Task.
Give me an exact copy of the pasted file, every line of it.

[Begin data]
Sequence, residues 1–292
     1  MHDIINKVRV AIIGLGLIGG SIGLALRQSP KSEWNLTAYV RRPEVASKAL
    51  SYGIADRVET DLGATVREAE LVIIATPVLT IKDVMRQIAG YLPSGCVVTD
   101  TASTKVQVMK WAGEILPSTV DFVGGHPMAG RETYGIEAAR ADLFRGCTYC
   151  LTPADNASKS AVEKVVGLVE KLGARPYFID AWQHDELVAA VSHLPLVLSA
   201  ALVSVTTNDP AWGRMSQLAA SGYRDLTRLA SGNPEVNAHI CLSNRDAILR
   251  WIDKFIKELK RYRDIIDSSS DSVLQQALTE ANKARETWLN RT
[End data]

Sequence, residues 1–292
     1  MHDIINKVRV AIIGLGLIGG SIGLALRQSP KSEWNLTAYV RRPEVASKAL
    51  SYGIADRVET DLGATVREAE LVIIATPVLT IKDVMRQIAG YLPSGCVVTD
   101  TASTKVQVMK WAGEILPSTV DFVGGHPMAG RETYGIEAAR ADLFRGCTYC
   151  LTPADNASKS AVEKVVGLVE KLGARPYFID AWQHDELVAA VSHLPLVLSA
   201  ALVSVTTNDP AWGRMSQLAA SGYRDLTRLA SGNPEVNAHI CLSNRDAILR
   251  WIDKFIKELK RYRDIIDSSS DSVLQQALTE ANKARETWLN RT